Starting Saturday, July 16, Americans will be able to call a new three-digit number if and when they are having a mental health crisis.
The new 988 hotline, created through the bipartisan National Suicide Hotline Designation Act, will transition what was formerly the National Suicide Prevention Lifeline to the 988 Suicide & Crisis Lifeline. The hotline is for people who are experiencing mental health issues, including suicidal thoughts, and can be both called or texted.
“988 is more than a number, it is a message: we’re there for you. Through this and other actions, we are treating mental health as a priority and putting crisis care in reach for more Americans,” U.S. Health and Human Services Secretary Xavier Becerra said in a press release. “There is still much work to do. But what matters is that we’re launching, 988 will be live. We are looking to every governor and every state in the nation to do their part to make this a long-term success.”
So who is on the other line when a person calls 988?
Through a network of over 200 local, state and national call centers throughout the country, people suffering from a mental health crisis will be connected to “trained crisis counselors” for whatever help is necessary.
By making the number shorter, similar to the emergency contact services of 911, some people may be more likely to call during moments of mental angst than if they had to remember to look up the 10-digit number that was previously used. The 10-digit current hotline number will also remain available after the 988 hotline launches, but will reroute to the 988 call centers.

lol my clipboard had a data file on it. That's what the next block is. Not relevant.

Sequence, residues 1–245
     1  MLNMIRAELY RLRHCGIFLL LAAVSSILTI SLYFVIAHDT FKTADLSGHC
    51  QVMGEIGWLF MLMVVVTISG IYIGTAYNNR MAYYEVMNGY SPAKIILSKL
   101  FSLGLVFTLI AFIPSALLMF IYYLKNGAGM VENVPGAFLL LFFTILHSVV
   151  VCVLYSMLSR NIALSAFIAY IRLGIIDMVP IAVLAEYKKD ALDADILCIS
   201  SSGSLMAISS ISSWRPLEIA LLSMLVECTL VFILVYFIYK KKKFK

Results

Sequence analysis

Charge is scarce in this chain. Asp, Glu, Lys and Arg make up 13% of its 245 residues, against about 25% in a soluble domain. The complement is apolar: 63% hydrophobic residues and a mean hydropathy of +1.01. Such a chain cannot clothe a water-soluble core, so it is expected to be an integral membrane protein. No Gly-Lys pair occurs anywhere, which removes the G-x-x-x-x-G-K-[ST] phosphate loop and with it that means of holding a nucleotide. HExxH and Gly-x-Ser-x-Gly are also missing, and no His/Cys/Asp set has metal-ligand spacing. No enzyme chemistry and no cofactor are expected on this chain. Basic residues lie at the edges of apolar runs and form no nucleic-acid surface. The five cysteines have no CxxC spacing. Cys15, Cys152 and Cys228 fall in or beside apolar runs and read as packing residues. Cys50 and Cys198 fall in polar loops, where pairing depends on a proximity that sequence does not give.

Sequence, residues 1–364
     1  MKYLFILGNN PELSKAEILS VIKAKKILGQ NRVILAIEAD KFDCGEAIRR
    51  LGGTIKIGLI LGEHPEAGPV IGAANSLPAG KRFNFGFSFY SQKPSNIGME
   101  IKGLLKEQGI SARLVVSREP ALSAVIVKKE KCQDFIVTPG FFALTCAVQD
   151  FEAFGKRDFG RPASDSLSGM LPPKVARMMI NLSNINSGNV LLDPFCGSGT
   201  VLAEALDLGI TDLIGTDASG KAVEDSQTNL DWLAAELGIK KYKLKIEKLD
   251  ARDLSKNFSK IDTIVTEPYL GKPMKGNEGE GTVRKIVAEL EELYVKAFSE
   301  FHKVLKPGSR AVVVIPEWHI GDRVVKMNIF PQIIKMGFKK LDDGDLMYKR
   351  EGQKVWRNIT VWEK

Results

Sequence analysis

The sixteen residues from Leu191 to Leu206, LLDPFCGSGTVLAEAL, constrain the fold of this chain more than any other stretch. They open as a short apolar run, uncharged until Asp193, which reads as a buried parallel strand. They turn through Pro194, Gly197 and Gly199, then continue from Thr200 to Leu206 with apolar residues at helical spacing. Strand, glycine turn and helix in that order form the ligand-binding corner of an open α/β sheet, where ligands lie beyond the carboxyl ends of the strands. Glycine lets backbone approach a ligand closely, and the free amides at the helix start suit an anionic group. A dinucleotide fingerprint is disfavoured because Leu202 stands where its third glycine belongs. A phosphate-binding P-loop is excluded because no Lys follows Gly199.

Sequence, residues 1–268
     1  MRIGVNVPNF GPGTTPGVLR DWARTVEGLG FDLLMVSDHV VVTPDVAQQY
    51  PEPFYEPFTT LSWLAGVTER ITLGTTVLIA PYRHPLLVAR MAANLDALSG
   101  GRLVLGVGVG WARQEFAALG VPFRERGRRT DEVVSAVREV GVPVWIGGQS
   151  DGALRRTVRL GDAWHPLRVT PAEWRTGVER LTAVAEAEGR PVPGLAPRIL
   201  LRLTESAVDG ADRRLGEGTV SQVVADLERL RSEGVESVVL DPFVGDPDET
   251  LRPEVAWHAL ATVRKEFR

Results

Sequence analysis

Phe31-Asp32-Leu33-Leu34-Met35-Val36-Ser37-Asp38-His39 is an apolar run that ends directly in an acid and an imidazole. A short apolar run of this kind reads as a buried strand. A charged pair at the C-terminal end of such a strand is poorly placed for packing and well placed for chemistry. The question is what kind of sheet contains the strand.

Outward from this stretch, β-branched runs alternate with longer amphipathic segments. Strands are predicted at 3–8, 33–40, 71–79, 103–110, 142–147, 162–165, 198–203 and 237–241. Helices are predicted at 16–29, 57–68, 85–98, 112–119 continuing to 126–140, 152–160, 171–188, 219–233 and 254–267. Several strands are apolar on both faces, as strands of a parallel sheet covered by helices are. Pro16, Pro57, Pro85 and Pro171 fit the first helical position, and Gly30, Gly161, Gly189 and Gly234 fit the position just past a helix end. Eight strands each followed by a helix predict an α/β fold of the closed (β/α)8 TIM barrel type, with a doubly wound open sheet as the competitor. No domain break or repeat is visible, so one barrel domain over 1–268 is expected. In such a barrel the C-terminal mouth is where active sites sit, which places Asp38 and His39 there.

All telephone service and text providers in the country, as well as U.S. territories American Samoa, Guam, Northern Mariana Islands, Puerto Rico and the U.S. Virgin Islands, are required by the FCC to activate 988 no later than July 16, the U.S. Department of Health & Human Services announced.
Additionally, the 988 phone and text line will operate 24/7, much like the emergency 911 line.
Some people have criticized previous versions of the U.S.’s suicide prevention hotlines over potentially long wait times for callers. The move to this new model aims to remedy that issue by directing people’s calls to local call centers first, and then to national ones if there is a high volume of calls.
“If the local crisis center is unable to take the call, the caller will be automatically routed to a national backup crisis center,” the 988 information center webpage says.
Six in 10 respondents from a 2019 Universal Health Services
poll (aged 44 and younger) say they have either suffered from mental illness, or care about someone who has suffered from mental illness in the past 12 months.
In 2020, suicide was the second leading cause of death for people ages 10-14 and 25-34, according to the Centers of Diseases Control and Prevention — the U.S. had one death by suicide every 11 minutes in 2020.